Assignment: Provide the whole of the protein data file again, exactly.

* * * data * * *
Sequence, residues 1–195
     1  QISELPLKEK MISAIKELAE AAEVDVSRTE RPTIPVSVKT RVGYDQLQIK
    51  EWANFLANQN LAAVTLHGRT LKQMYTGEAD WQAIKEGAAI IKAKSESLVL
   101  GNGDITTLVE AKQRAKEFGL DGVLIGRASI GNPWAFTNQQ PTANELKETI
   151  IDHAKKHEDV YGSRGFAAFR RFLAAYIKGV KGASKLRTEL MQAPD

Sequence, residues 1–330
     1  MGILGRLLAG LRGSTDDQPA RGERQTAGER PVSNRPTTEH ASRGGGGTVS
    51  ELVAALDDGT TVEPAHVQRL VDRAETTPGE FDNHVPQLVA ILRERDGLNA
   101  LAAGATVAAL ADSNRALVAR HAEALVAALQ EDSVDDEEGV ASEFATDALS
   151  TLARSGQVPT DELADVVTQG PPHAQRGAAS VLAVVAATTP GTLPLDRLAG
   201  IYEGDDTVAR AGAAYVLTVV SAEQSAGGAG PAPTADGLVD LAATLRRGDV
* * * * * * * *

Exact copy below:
Sequence, residues 1–195
     1  QISELPLKEK MISAIKELAE AAEVDVSRTE RPTIPVSVKT RVGYDQLQIK
    51  EWANFLANQN LAAVTLHGRT LKQMYTGEAD WQAIKEGAAI IKAKSESLVL
   101  GNGDITTLVE AKQRAKEFGL DGVLIGRASI GNPWAFTNQQ PTANELKETI
   151  IDHAKKHEDV YGSRGFAAFR RFLAAYIKGV KGASKLRTEL MQAPD

Sequence, residues 1–330
     1  MGILGRLLAG LRGSTDDQPA RGERQTAGER PVSNRPTTEH ASRGGGGTVS
    51  ELVAALDDGT TVEPAHVQRL VDRAETTPGE FDNHVPQLVA ILRERDGLNA
   101  LAAGATVAAL ADSNRALVAR HAEALVAALQ EDSVDDEEGV ASEFATDALS
   151  TLARSGQVPT DELADVVTQG PPHAQRGAAS VLAVVAATTP GTLPLDRLAG
   201  IYEGDDTVAR AGAAYVLTVV SAEQSAGGAG PAPTADGLVD LAATLRRGDV